A solid thriller that leaves you thinking it could have been much better.

THE HOPE VENDETTA

On the brink of suicide following his wife's death, one-time British special-forces operative Ben Hope is intent on putting his violent past behind him and studying religion at Oxford. But when a family friend's daughter, a renowned biblical archaeologist, goes missing in Greece—and the young friend Ben sent to find her is killed in a bombing—Ben is forced to dust off his killing skills and spring back into action.

The stakes are big in Mariani's second Hope novel (The Mozart Conspiracy, 2011). Zoë Bradbury is abducted because she says she discovered an artifact that exposes as false the Book of Revelation and its ultimate promise of Rapture. This rankles an international conspiracy bent on using Revelation to orchestrate the destruction of Israel by Islamic forces. The discovery also upsets the plans of Clayton Cleaver, a popular TV evangelist in Georgia who has based his political hopes on the prophecies. Frustrated by Zoë's amnesia, caused by a head injury, her abductors threaten to inject her with a newly invented truth serum that will reduce her to psychotic rubble. Ben's pursuits take him to Savannah, where he learns that Zoë, an Amy Winehouse–like party girl, was blackmailing Cleaver. Rendered unconscious by the bad guys, Hope wakes up in Montana, where he has relatively little trouble dispatching the bad guys with the help of a smitten female CIA agent. The story takes us, finally, to Jerusalem, where Hope must thwart plans to blow up the Dome of the Rock. Mariani constructs the thriller with skill and intelligence, staging some good action scenes, and Hope is an appealing protagonist. However, the book's premise is undercooked. There's little threat of worldwide upheaval, or much of a threat to the principals. The book might well have been better off eschewing its Dan Brown Da Vincisms and turning up the tension on the more grounded elements of the story.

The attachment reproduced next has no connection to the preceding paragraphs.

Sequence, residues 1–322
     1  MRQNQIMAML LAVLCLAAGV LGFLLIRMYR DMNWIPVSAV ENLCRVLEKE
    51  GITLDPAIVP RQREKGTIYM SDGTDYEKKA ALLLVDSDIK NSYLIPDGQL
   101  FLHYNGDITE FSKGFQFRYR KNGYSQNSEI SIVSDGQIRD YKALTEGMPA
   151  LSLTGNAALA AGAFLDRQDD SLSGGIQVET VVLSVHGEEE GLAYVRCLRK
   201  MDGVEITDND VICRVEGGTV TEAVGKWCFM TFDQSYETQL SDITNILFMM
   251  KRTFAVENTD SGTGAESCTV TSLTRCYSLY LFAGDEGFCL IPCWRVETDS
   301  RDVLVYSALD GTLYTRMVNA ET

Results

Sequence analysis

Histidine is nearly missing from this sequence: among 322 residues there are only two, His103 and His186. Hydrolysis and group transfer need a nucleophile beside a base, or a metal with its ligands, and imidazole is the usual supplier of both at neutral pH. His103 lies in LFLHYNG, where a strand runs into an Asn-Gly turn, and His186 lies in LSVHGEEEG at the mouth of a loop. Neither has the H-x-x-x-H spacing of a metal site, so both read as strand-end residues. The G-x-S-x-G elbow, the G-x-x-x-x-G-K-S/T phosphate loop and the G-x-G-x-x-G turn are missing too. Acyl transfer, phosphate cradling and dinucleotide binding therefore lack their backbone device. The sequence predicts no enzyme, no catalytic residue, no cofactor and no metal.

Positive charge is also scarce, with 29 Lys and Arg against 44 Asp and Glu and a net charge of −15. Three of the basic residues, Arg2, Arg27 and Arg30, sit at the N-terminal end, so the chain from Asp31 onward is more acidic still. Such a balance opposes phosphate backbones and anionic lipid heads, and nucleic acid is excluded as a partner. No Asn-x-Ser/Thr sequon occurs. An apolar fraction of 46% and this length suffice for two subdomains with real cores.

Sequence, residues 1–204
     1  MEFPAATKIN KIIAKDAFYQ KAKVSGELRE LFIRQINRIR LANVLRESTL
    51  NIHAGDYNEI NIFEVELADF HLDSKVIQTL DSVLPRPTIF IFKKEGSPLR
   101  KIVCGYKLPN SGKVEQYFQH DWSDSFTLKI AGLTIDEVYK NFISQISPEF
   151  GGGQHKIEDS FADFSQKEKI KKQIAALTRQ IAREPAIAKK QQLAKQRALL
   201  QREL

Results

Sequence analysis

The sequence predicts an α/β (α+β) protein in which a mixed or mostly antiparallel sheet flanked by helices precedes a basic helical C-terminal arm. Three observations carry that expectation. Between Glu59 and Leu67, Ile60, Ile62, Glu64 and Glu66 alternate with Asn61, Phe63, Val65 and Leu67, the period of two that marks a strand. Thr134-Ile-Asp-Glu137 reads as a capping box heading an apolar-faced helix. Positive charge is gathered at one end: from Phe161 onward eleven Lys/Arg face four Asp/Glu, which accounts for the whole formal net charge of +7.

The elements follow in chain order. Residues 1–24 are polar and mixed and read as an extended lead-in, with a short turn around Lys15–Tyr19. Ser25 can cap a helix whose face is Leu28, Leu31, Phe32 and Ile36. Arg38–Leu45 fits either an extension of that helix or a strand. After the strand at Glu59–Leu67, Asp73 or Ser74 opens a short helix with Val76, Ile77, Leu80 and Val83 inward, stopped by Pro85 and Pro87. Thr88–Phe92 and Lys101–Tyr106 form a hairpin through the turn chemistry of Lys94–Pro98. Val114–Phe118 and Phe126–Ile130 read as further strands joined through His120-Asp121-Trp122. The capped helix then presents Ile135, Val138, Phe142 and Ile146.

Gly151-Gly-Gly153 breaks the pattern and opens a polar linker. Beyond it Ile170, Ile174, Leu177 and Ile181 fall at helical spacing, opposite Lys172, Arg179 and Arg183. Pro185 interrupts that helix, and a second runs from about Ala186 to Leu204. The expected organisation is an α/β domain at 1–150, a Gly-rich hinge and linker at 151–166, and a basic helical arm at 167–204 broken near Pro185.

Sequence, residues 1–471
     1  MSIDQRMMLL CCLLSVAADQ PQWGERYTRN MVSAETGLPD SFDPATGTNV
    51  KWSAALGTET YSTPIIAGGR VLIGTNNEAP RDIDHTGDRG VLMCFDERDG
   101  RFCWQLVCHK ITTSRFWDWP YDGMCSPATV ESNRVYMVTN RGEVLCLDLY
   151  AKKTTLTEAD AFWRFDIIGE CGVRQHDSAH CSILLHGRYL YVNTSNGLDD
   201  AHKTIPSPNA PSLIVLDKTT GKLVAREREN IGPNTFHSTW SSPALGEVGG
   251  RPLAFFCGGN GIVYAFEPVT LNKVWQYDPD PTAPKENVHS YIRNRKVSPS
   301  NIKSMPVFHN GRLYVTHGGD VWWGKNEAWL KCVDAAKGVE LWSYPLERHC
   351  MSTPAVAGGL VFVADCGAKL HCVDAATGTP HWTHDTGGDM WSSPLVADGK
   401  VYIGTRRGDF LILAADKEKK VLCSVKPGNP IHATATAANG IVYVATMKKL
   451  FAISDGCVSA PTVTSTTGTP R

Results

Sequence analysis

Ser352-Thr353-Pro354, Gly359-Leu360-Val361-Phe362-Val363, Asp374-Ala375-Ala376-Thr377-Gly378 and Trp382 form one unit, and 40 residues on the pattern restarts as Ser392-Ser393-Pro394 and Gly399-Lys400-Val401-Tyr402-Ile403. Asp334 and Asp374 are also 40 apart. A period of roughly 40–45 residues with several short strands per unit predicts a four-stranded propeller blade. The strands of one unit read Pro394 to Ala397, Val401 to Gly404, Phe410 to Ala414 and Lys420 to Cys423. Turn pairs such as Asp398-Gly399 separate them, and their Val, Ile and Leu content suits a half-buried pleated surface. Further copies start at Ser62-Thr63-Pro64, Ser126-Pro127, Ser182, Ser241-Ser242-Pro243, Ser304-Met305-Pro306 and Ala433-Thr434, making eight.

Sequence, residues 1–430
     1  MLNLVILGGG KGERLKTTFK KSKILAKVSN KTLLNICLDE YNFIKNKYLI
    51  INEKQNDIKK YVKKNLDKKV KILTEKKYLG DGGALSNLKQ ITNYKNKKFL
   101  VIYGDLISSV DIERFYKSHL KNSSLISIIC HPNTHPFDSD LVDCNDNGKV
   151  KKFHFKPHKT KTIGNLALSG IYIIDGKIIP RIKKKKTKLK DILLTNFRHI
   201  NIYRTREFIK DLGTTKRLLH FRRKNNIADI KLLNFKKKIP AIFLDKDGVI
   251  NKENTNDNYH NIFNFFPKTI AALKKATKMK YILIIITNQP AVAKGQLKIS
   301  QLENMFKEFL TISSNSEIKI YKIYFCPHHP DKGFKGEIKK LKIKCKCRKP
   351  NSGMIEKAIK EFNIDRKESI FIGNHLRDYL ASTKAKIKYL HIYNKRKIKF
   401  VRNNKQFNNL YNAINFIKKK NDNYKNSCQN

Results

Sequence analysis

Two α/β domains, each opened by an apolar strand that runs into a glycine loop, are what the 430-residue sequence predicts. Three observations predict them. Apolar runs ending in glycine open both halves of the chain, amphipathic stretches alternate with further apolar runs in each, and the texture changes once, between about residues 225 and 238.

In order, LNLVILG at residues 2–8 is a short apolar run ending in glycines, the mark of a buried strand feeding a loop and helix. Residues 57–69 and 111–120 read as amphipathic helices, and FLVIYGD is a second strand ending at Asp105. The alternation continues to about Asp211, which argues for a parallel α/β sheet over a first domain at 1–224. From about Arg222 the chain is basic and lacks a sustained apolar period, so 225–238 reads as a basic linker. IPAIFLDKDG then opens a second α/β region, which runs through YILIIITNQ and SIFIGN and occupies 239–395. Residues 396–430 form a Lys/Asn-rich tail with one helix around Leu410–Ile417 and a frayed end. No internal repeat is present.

A solid thriller that leaves you thinking it could have been much better.

Pub Date: March 6, 2012

ISBN: 978-1-4391-9347-1

Page Count: 352

Publisher: Touchstone/Simon & Schuster

Review Posted Online: Jan. 22, 2012

Kirkus Reviews Issue: Feb. 1, 2012

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A tasty, if not always tasteful, tale of supernatural mayhem that fans of King and Crichton alike will enjoy.